Socially, the black soldiers fought deep-rooted racism from within their own ranks and from above. A long-held belief that black soldiers needed white leadership meant that, upon the formation of the new black regiments, only white officers were in charge. And many white officers — notably, one George Armstrong Custer, who in 1876, as head of the 7th Cavalry, met his death in the massacre at Little Big Hornrefused to take charge of black troops. This overt racism "limited their occupational mobility, caused humiliation, and sometimes put them at personal risk," wrote historian Frank Schubert.

Still, through all those battles, the black soldiers earned a measure of respect, if not from their enemy, at least from their superiors and fellow troops. Black soldiers had a lower-than-average desertion rate, a lower dishonorable discharge rate, a higher reenlistment rate and were considered to have good esprit de corps, Shellum says. In the 20 years between 1870-90, 18 black soldiers were awarded the Medal of Honor.

Eventually, three black West Point graduates joined the Buffalo Soldiers as officers, the first being Henry O. Flipper in 1877. The last, Charles Young, joined the 9th Cavalry after his graduation in 1889 and went on to a long, decorated career in which he mentored several other black officers.

Photograph taken in 1889 at Fort Robinson, Nebraska, of non-commissioned officers from the United States Army's 9th Cavalry Regiment. From the book "Black Valor: Buffalo Soldiers and the Medal of Honor, 1870-1898" by Frank N. Schubert
Wikimedia Commons

How'd They Get That Name?

The buffalo holds a revered status among Native Americans, so it may be understandable that when they first called black troops Buffalo Soldiers, some might have assumed that it was an acknowledgement of their opponents' fighting spirit and bravery. Some legends, too, say the buffalo-hide coats that some soldiers wore may have contributed to their eventual nickname.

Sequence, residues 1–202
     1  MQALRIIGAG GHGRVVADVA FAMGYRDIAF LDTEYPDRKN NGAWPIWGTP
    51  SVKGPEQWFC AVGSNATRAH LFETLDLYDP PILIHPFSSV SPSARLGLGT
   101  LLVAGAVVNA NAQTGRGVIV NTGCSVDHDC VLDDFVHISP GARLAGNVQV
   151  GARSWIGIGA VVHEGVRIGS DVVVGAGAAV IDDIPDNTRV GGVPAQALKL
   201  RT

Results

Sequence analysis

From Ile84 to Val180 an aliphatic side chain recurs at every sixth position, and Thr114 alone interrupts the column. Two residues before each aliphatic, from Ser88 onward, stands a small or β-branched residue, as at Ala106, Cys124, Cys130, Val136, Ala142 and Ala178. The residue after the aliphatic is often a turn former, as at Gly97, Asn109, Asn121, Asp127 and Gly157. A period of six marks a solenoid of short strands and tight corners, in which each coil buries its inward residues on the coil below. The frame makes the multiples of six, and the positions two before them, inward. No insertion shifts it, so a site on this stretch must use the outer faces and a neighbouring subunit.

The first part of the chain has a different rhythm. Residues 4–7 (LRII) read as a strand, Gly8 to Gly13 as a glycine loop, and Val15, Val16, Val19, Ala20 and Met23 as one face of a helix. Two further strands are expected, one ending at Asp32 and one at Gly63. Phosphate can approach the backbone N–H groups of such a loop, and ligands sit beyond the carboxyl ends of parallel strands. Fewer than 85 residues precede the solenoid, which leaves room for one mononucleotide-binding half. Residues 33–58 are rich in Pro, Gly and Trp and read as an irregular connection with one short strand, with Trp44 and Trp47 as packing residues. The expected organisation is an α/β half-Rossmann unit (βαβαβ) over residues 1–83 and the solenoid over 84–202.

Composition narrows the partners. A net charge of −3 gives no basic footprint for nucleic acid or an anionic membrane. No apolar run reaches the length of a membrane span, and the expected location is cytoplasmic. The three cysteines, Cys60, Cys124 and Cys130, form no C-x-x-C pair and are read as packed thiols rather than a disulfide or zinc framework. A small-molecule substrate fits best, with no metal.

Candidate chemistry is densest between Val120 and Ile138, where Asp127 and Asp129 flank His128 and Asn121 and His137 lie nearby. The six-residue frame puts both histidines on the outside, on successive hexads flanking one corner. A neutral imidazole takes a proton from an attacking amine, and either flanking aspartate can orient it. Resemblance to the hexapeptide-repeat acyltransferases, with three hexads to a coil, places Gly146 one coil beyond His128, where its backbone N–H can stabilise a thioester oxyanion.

But the label had nothing to do with bravery or outerwear. As much as historians can ascertain, it was the soldiers' dark skin and curly hair — two characteristics of the bison — that earned them the name.

It was definitely not a term of respect or reverence.

"I think the view of Native Americans was that the Buffalo Soldiers were just black-skinned, blue-clad soldiers," Shellum says, "trying to take away their way of life."

The Buffalo Soldier Legacy

With a 21st century viewpoint, it's perhaps too easy to envision a kind of simpatico connection between two horribly oppressed groups of people; blacks, ripped from their homes in Africa, and Native Americans, stripped of their lands by merciless newcomers.

No such connection ever has existed.

"I get the question every time I go out and I talk about Buffalo Soldiers in groups. There are these people who want to have this romantic idea that blacks and Native Americans had some bond. That's not true," Shellum says.

In fact, the opposite may be true.

"There is no greater source of tension between Native Americans and African Americans than in the disparate recollections of the 'Buffalo Soldiers,'" Quintard Taylor, a Professor Emeritus of American history at the University of Washington in Seattle, said in a presentation there in 2004.

Still, because of their efforts on the American frontier and in other wars — the 10th Cavalry officially incorporated the buffalo into its logo in 1911, and some version of Buffalo Soldiers fought in every war through World War II — the soldiers are now recognized as an integral part of Army history and often have been honored, including with monuments and a postage stamp, an annual ceremony and their own national museum.

The Buffalo Soldiers era came to an end in 1948, when President Harry Truman signed an order officially desegregating the military.